Young coyotes were running routes in the bright morning, "gamboling" might be the word, around my new white ball. The sprinklers had been shut down for only a half hour. There we were, creatures on the fairway, at play.
The coyotes ghosted off -- as I ambled toward my ball -- into a draw where the prickly pear were thick with blossoms the color of tea roses. This was on the second hole at Starr Pass Golf Club, in the Sonoran hills overlooking downtown Tucson. Remember when Phil Mickelson won the Tucson Open as an undergraduate at Arizona State?It happened at Starr Pass.
After just breathing for a slow moment, I struck (toward a sucker pin) one of those occasional shots.
It looked to be a perfect eight-iron, which lifted and hung and then fell soundlessly, irrevocably, into a back bunker.
Golf is driven by simple pleasures. That eight-iron, for a suspended moment, seemed to be absolutely pure. Then the air went out of another balloon. Golf is ultimately civilizing.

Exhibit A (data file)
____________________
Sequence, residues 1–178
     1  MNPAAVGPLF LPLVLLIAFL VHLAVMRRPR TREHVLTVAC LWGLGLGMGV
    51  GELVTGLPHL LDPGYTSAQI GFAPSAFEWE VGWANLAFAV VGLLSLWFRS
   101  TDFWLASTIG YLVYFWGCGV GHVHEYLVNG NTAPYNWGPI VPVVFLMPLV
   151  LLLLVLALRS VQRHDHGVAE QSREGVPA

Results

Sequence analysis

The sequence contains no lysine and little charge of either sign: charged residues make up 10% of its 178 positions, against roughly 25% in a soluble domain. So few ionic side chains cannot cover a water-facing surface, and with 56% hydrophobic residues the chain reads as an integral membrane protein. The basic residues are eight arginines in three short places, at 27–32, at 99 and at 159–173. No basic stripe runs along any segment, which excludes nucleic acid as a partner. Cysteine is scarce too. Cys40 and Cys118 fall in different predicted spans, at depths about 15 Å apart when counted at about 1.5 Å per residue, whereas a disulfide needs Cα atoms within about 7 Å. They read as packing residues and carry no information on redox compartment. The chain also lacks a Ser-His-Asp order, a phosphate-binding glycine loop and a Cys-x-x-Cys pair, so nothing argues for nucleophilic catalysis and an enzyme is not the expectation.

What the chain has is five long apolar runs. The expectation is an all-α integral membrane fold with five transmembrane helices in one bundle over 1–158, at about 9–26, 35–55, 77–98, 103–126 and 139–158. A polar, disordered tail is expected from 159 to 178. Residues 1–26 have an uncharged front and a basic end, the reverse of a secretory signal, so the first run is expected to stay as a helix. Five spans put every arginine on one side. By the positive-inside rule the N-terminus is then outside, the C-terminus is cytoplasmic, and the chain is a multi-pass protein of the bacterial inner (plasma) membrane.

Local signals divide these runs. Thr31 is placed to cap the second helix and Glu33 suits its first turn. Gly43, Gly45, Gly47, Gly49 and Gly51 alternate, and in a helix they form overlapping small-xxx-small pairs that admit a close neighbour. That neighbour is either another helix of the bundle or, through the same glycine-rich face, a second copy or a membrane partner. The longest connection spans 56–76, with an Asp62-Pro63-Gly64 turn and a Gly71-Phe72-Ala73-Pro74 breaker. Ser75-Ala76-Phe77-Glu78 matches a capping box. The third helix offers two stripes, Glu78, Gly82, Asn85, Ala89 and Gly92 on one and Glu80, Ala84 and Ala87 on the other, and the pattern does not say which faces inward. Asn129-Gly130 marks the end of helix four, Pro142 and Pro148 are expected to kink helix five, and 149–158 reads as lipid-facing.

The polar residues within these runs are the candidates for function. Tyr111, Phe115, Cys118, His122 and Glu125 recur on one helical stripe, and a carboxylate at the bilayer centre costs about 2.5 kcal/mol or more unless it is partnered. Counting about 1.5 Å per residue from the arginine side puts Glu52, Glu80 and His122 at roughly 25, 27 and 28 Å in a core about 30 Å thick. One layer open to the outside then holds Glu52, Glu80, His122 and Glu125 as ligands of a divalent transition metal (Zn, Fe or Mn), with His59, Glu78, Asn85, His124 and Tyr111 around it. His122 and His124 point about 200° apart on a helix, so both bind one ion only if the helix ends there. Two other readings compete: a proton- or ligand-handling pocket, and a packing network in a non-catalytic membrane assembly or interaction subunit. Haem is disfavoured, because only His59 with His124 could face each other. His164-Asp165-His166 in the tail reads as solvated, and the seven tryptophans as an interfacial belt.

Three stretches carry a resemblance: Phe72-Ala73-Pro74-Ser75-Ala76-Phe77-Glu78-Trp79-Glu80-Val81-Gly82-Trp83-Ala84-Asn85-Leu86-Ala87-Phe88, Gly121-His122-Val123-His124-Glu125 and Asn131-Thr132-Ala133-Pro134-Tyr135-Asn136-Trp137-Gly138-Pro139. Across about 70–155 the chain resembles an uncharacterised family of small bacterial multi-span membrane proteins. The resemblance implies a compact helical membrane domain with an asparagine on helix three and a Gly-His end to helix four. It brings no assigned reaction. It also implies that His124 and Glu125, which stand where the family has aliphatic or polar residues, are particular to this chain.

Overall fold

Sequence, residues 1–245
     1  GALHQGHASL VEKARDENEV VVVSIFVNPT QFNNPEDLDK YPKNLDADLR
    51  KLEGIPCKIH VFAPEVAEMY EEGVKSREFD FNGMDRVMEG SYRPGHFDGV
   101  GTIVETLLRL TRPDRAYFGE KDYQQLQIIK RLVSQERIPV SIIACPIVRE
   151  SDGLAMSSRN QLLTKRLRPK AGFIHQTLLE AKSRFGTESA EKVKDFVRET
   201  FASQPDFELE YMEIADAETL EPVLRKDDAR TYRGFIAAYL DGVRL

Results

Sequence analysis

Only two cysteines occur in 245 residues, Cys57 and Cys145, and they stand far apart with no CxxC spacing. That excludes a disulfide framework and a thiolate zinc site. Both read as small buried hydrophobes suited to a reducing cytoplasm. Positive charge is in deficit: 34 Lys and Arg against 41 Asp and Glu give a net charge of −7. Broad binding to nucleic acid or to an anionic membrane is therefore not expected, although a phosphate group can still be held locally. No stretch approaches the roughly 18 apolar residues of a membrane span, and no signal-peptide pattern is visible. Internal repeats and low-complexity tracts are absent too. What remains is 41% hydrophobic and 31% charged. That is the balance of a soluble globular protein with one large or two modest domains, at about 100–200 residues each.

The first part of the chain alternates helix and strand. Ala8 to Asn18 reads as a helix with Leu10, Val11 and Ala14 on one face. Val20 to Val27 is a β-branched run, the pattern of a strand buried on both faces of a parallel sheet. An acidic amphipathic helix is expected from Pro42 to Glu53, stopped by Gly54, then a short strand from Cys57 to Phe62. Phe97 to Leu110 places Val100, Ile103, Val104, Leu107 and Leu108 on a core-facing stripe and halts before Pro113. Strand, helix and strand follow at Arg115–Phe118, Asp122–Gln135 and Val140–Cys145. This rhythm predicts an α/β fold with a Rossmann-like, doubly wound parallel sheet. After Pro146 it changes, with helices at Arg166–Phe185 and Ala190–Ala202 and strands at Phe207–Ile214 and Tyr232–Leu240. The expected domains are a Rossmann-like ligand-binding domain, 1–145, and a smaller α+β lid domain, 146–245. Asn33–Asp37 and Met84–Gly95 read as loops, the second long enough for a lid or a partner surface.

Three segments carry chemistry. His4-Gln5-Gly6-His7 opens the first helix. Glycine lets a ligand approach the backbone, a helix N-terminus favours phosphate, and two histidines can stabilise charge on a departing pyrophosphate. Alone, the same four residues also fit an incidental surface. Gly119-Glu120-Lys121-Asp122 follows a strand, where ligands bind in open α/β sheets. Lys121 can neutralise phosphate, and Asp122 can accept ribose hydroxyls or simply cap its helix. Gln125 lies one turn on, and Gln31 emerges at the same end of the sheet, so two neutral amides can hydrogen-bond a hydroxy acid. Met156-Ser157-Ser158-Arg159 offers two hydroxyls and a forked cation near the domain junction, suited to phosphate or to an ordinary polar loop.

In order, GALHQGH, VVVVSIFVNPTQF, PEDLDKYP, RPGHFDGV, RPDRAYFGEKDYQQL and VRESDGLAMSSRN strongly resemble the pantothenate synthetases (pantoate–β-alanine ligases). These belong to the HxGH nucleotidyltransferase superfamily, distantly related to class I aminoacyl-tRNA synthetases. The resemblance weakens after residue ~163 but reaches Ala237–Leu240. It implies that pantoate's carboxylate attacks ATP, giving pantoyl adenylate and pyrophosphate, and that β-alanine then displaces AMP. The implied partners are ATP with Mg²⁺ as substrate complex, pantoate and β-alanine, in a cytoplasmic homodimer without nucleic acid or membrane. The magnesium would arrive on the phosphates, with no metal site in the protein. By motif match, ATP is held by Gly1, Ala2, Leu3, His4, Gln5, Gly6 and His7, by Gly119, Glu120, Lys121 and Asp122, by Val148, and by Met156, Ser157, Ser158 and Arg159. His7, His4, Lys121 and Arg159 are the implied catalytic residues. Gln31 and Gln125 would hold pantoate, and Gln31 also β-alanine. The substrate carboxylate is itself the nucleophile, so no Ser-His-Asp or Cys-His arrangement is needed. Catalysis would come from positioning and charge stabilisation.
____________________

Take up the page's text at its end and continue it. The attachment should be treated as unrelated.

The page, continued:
In my bunker, my ball in a coyote track, I had to grin and play the world as I found it. A sweet bogey. That's what I told myself as I walked off the green. And I believed it. As if "sweet" and "bogey" ever belonged in the same sentence.
The Sonoran country of southern Arizona is vast and raw -- creosote playas broken by islands of high, stony mountains. Ascending into those mountains involves working up through life zone after life zone. Near the top you find yellow-pine forests like those in the northern Rockies. People ski on Mount Lemmon, above Tucson, only a few miles from others who are rubbing on sunblock before testing their touch on greens that run around ten on the stimpmeter.